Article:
Rifle, Colorado, has always produced big bucks from backcountry pockets; the tough part is getting them out of that pocket. When hunters come to town, the first question they ask locals is, "Where did Rifle get its name?" Although no one knows for sure, the consensus is the name originated with an old cowboy that had left his rifle leaning against a tree near a local creek. Once he realized the gun was missing he always referred to the area as "Rifle" and the name stuck.
Ron Adkins, and his group from California, came to the area 20-years ago for the big mule deer and they had learned the secret of picking those pockets. The secret was to make the one-hour climb before daylight so they were above the deer as they returned from feeding in the river bottoms. Once in position they would glass to locate a monster. The procedure has kept them successful and makes the arduous climb worthwhile.
Ron's advice is," You must see them first. If they see you first, you will never see them again." The deer are more sensitive to danger from below making the high country lookout very productive. Once spotted the group will watch where they bed, then slip up on them staying out of sight and wait for them to stand. During the late season the bucks will get up to check each of the does in his harem and more bucks seem to show up every day. The does are the bait and the rut makes the bucks risk everything.
Scott and Ron had watched a large buck late Sunday evening, just after legal hours. The next morning they were up the mountain early trying to catch him headed to his bedding area. Just as the sun peeked over the ridge on a clear, cold morning, they spotted the big guy on the opposite hillside working his way up to a cedar-covered bench. The rangefinder showed him to be 425-yards out so they just watched him mingle with a few does and smaller bucks. It seemed the rut was starting to make the bigger bucks less wary so they decided to be patient and watch.
A few minutes later, movement and noise coming from the hillside above them caught their attention. They soon spotted a good buck working his way through the cedars and boulders. After patiently glassing the buck, Scott decided he was a dandy and his .270 Remington 700, put the buck down at 244-yards, the 140-grain Hornady boat tail doing it's job.
As they made their way uphill to Scott's buck they kept an eye on the big fella across the canyon. The larger buck seemed concerned with the noise but did not leave the cedar bench or the does that bedded there. The approaching rut had exposed the monster buck's weakness - hot does.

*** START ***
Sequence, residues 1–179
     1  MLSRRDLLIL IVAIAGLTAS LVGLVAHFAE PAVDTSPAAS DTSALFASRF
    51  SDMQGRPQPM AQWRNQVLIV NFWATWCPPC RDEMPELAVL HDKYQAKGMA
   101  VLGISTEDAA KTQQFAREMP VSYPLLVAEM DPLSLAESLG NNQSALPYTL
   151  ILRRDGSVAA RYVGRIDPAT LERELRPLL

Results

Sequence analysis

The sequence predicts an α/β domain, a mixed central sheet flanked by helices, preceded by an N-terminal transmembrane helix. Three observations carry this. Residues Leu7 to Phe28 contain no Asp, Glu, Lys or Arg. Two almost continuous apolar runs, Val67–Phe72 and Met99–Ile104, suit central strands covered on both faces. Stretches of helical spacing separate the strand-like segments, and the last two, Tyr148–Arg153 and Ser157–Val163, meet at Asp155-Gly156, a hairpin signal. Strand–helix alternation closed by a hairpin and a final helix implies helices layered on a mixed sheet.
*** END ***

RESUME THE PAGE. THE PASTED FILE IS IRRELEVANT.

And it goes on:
After taking photos and dressing Scott's buck, the group was back at camp taking care of the deer and reliving the morning's adventure with high hopes of seeing the bigger buck that evening. Ron had watched where the big muley had made his way up a steep, rough draw and he would be waiting for the buck that evening when he followed the does down to feed in the creek bottom.
That evening the does, several smaller bucks, and the big guy made their way down the draw, but the big buck hung back just enough to avoid moving into position for a solid shot. Ron had one opportunity at 305-yards when he stood broadside, but did not feel comfortable with the shot and passed as the light faded. The next day was uneventful, the buck was not spotted, but the does and smaller bucks remained in the same area. Since they did not think Ron had spooked the buck, they planned to glass the next morning from Monday's vantage point.
As often happens, when patience and perseverance rule, they found the big buck the next morning at daybreak when he started to follow several does up the same hill where Scott had shot his buck two days earlier. Ron worked his way closer to their travel route. When he popped into view on a rocky hogback at 263-yards Ron found a solid prone rest and anchored the monster with a 140-grain Hornady bullet from his Winchester 270. When Ron got closer to the buck he knew ground shrinkage would not be an issue. This buck was bigger than what they had guessed at 195".
Ron and Scott worked hard and did everything right. Taking a pair of bucks like these on public land within 500-yards of each other is something they will never forget. The secret to success? The hunters saw the bucks first!
A pair of nice mule deer bucks - If you don't see them first, you won't see them again.
Scott Hueth took the deer pictured on the right, the third morning of the season. His buck
is a 25-inch, six by four that grosses 188-typical. Ron Adkins took the buck on the left on
the fifth morning. Ron's buck is a 30-inch seven by seven that grosses 203-typical with
16-inches of deductions that will keep him from Boone & Crockett's record book.